As I write this blog post, I am in the midst of Microsoft’s newest operating system endeavor know to some as “Longhorn” and to considerably more as “Vista.” I’m sure there are mixed feelings among my readers out there. Some are probably like, “OMG, dued! L13k t3h pwnsauce!” Others will probably be like, “You traitor ;)” and yet others (probably a considerable mainstream of those interested in the topic) will be like, “What’s it like? Is it better than XP?” The latter of the questions will be what I focus on in this post.
So. First of all, I’ll have to say that although I’ve had it for roughly two weeks now, I really haven’t been able to sit down with it yet, and get into the “nitty-gritty” of the OS. I usually like to do that when I get something new, whether it be Windows or Linux-based. So although I have had the time to mess around with it, I haven’t yet had the time to “look under the hood” so to speak.
Now, the first thing that I noticed when I installed it was that it didn’t take as long (or seem to take as long) as a comparable XP install.
So, when I finally got into Vista itself, I was mildly surprised that nearly all my drivers were installed. When I installed XP, I had to install at least six or seven drivers to get my computer fully operational. Not to say that there weren’t problems with the drivers. First of all, my video card on my laptop sucks. Balls. It’s an ATI 9000 IGP, which means it’s an ATI 9000 card (already quited agèd) that shares the main system memory for the video memory as well. So, although I upgraded my laptop memory to 1.25GB, 128 of it is still dedicated to video. Anyway, for the IGP series, ATI doesn’t release a driver themselves. You have to depend on the system manufacturer to release a video driver tailored to their integrated chipset. Suffice it to say, Toshiba has yet to release a driver for my video card for Vista. I’m not saying that Toshiba is a bad company (in fact, I love my laptop), and I doubt Vista was recommended to be run on this model, but it would be nice if there was a driver for Vista. But I digress. After much fussing and manual driver installation, I finally got the XP driver to work under Vista.
So then, after I got the video to work, I tried to install Alcohol 120%. It was quite an old version, and I didn’t even think about checking to see if the version I had was compatible with Vista. It wasn’t. So, as soon as it tried to install the virtual CD drive drivers, Vista would instantly bluescreen. Not a pretty site after you just spent about two hours installing Vista and fussing with the graphics driver to try and get it installed. I tired to restart, it still tried to install the driver. I tried safe mode, it still continued to want to install the driver. Luckily, the Vista boot DVD includes some really good recovery tool, and System Recovery is quite the lifesaver.
After all the crap with the drivers, I haven’t had too much trouble. All the applications I use on a regular basis (Firefox, Windows Live Messenger, Xchat, Google Talk, and Office to name those that come to the top of my head) all work perfectly. The only application problem I’ve had (besides Alcohol) is that Komodo (a programming IDE) doesn’t seem to want to find the respective programming interpreters (PERL, PHP, and Python) and didn’t want to debug. So, it was pretty much rendered useless. ActiveState does have a new version out, and I haven’t been able to try it yet to see if it works better with Vista or not, though. I’ll get around to trying that out, and give you an update sometime (probably attached to some other post in the future).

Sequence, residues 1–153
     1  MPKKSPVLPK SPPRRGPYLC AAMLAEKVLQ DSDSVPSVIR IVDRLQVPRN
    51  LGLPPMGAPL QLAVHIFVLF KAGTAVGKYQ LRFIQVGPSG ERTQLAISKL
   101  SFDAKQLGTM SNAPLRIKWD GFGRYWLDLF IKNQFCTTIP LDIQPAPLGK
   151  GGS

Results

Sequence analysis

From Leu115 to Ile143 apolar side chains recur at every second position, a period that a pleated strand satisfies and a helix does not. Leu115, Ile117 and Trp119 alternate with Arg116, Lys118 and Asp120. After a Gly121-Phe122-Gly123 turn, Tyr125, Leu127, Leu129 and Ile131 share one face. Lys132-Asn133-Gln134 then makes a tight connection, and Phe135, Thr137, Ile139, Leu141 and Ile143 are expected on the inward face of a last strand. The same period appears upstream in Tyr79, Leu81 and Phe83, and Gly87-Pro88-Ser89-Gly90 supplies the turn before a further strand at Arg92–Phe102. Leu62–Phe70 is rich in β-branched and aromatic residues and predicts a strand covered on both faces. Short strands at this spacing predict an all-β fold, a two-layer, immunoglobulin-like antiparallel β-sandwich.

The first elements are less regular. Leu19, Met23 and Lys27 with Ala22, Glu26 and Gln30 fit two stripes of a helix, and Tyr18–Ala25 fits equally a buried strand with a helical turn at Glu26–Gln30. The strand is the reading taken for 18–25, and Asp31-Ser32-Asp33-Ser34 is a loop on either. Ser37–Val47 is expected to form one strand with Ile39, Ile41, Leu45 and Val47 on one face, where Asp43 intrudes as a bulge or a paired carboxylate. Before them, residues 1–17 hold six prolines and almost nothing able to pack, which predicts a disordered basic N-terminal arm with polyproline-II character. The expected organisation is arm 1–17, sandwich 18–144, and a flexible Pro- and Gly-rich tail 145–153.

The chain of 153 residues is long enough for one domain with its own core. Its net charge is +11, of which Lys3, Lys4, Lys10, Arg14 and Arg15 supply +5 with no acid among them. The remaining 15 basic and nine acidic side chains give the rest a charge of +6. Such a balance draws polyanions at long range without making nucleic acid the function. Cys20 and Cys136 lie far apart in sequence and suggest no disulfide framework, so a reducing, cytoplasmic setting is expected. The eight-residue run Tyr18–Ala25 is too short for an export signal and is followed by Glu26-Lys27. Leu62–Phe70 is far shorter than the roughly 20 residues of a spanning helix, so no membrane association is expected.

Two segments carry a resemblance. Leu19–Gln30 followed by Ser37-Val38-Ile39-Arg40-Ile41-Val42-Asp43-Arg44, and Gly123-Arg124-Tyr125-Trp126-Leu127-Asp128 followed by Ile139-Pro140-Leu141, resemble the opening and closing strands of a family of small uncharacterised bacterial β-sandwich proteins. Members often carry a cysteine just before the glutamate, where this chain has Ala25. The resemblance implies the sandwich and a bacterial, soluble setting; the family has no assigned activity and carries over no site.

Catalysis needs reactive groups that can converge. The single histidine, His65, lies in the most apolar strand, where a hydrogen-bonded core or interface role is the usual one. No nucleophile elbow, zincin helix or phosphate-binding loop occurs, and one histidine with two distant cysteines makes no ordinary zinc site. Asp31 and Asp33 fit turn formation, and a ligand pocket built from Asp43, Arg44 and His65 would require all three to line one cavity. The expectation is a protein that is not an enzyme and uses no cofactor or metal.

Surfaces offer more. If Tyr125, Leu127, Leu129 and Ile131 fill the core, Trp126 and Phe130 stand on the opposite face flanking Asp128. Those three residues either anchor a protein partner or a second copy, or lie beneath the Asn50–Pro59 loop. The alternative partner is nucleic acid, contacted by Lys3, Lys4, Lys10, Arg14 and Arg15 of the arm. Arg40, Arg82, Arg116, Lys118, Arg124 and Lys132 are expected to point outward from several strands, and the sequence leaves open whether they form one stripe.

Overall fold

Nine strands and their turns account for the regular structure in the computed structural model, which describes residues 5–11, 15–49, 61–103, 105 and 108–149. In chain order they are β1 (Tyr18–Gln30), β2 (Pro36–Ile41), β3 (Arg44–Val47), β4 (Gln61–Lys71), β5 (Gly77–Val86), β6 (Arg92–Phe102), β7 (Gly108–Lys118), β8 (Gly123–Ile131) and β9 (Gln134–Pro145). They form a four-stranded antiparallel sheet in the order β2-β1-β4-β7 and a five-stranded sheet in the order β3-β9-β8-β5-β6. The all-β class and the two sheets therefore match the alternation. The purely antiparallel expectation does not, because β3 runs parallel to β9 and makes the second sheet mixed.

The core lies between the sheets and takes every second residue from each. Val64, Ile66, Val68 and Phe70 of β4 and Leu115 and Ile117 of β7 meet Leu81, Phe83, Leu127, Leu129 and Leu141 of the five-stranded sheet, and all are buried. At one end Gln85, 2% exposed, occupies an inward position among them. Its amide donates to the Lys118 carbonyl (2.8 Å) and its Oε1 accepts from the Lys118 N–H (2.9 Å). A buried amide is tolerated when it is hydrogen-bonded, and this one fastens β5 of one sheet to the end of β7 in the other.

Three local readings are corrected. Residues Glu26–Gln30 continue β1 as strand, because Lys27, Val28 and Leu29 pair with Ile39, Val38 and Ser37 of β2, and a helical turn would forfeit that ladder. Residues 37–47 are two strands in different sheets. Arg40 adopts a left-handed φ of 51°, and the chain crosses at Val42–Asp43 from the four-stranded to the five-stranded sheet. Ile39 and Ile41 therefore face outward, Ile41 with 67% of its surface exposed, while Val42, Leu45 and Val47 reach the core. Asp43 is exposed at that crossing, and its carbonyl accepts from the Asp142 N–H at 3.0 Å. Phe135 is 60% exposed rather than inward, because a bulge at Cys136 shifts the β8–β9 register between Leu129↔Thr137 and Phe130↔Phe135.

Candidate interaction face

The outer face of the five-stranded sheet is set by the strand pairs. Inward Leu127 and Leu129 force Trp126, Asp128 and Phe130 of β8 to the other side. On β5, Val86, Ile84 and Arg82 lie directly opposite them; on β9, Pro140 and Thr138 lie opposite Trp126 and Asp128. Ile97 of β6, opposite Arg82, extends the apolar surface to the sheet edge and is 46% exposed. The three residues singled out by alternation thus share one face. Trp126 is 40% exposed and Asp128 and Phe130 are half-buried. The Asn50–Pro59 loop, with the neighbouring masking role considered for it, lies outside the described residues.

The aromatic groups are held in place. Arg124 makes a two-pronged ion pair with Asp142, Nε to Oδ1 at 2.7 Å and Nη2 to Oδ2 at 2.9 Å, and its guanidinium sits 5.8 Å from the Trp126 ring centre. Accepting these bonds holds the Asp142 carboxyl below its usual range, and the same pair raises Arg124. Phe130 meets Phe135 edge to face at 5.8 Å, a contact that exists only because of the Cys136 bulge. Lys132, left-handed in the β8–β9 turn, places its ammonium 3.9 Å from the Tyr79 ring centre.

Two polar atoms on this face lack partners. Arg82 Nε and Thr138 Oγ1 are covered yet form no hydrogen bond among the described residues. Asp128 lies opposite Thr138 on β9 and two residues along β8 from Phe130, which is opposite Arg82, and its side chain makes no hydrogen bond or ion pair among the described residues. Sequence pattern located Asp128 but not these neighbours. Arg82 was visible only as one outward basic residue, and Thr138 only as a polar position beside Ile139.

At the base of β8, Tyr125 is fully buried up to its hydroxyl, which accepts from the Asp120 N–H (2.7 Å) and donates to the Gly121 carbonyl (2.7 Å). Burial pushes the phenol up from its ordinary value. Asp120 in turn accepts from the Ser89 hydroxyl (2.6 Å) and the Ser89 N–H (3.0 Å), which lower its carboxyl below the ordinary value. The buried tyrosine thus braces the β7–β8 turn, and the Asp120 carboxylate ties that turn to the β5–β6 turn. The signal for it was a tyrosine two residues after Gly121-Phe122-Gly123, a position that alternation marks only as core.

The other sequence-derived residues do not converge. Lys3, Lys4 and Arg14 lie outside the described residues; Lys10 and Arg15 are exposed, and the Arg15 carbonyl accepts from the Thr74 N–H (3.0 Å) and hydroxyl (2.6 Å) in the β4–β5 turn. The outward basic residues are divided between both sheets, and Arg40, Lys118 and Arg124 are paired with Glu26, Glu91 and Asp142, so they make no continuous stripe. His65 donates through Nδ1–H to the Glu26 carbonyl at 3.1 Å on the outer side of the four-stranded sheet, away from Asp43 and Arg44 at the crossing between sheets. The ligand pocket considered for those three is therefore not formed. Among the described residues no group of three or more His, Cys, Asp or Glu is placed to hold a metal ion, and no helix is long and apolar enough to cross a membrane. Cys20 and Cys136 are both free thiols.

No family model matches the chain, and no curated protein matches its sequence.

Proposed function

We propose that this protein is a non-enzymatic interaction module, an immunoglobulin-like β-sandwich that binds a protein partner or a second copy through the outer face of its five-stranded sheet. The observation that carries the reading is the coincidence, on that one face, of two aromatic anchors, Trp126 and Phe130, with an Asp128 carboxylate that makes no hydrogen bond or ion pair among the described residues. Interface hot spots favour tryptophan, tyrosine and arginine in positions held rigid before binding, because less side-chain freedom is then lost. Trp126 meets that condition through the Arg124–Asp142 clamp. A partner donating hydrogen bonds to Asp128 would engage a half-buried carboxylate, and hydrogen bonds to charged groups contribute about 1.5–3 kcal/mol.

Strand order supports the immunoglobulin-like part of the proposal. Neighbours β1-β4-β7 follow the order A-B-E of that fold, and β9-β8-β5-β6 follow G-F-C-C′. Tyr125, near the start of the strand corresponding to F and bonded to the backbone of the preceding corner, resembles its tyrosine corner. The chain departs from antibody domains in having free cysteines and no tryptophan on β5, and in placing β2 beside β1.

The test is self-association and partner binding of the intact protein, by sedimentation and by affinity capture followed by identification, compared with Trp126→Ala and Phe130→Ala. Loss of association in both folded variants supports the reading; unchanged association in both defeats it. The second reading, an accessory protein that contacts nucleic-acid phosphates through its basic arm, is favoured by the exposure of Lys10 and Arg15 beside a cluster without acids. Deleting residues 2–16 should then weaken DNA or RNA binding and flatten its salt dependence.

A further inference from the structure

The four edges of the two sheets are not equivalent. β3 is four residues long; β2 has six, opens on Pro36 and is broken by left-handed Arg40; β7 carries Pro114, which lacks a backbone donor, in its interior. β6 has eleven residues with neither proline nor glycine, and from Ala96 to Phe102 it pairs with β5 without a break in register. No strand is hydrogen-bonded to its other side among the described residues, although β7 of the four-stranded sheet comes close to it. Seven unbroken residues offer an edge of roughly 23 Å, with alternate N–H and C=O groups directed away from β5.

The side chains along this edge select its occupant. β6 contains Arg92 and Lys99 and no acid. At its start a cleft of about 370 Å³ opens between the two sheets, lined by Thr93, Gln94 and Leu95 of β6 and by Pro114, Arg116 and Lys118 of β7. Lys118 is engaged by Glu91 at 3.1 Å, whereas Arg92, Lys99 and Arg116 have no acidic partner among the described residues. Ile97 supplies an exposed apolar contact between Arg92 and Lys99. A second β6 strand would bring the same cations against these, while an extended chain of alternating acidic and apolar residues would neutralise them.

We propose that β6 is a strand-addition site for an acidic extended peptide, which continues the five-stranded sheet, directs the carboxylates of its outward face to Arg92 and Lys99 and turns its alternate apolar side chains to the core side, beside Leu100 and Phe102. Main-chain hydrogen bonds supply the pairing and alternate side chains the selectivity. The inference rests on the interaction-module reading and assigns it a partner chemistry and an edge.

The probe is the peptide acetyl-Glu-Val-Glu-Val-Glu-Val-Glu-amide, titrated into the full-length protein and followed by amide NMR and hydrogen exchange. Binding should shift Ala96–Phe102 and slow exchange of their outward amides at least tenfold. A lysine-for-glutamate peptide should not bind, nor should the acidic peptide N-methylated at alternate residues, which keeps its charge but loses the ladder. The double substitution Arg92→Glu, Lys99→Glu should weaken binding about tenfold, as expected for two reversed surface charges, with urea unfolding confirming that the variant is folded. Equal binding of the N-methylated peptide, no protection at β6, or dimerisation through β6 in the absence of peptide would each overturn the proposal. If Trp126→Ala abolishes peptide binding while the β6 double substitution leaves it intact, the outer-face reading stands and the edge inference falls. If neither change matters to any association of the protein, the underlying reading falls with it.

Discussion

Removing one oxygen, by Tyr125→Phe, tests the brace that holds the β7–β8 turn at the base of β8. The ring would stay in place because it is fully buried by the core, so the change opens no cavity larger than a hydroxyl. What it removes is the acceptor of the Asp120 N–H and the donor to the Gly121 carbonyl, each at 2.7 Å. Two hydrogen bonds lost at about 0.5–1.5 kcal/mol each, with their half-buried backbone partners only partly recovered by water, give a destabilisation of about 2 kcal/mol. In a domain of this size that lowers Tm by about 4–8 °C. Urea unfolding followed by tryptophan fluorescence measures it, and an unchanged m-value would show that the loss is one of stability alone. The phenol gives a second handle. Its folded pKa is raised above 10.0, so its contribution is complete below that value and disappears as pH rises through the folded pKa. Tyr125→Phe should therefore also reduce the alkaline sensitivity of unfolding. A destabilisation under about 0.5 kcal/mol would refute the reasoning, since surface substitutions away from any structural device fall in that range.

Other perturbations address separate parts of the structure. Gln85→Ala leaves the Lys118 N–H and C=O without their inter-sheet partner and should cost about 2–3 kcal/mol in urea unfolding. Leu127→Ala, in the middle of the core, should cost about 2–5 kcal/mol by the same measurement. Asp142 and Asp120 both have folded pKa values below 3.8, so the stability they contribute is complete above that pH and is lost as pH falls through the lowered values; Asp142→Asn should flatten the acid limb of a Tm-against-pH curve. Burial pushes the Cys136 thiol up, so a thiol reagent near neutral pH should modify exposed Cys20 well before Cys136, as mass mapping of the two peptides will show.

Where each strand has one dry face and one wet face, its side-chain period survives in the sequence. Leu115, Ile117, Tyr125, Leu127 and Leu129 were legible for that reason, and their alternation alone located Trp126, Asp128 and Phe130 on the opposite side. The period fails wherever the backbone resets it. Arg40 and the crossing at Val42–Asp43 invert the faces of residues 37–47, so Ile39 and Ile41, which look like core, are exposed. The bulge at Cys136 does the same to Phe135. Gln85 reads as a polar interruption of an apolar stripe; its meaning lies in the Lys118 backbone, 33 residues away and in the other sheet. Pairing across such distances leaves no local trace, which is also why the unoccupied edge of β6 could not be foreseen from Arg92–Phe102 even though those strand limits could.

Other than a few mishaps along the way, my transition to Vista was pretty smooth. Now, for some of the UI/way of thinking changes that have been made that I don’t quite like. For one, the User Account Protection. I can’t express in mere text how much I loathe this piece of shit. When you perform an action that requires administrative permissions (read: just about every fucking thing you do while running Windows), you have to wait for an annoying popup to come up, hit “Continue” to give the program/action the permission to perform this act, and possibly rinse and repeat. Sure, it might save grandma from fucking something up majorly, but if you get bugged by a little prompt asking the equivalent of “Are you sure you want to do this?” every time you have move a file or install a program, it gets rather annoying rather quick. Suffice it to say that I turned it off the first day of using Vista. Also, the networking system is a bit weird. Wireless and LAN networking isn’t too bad, I suppose (unless you want to make some “advanced changes” like assigning static IP addresses), but if (God have pity on your soul) you have to set up a dial-up connection and need to change a setting, have fun. I think you have to go through about 3 (very well hidden) dialog boxes just to get to the dialup configuration box you could get to in XP by right clicking the connection and clicking properties.
Another caveat (that I was extremely pissed at) was that because my graphics card sucks so much, I can’t use Aero (the fancy-effect Windows theme). And I can’t figure out how to change this color scheme from this gay almost-baby-blue.
Overall, I’d say Vista is a pretty good operating system. Good enough to upgrade from XP right now? Not likely, but if you’re getting a new computer, and it comes with Vista, then by all means, it’s a good OS to have. Wait for about the first Service Pack (apparently, it’s due for a release later this year already) to upgrade from XP if you’re not getting a new computer would be my advice. If you get it with a new computer, for free (like I did), or you just have some money burning a hole in your wallet (though if that’s the case, you can certainly send some of that moolah to me… just arrange it through the contact form on my user page :P), then go ahead and get Vista. It’s pretty good.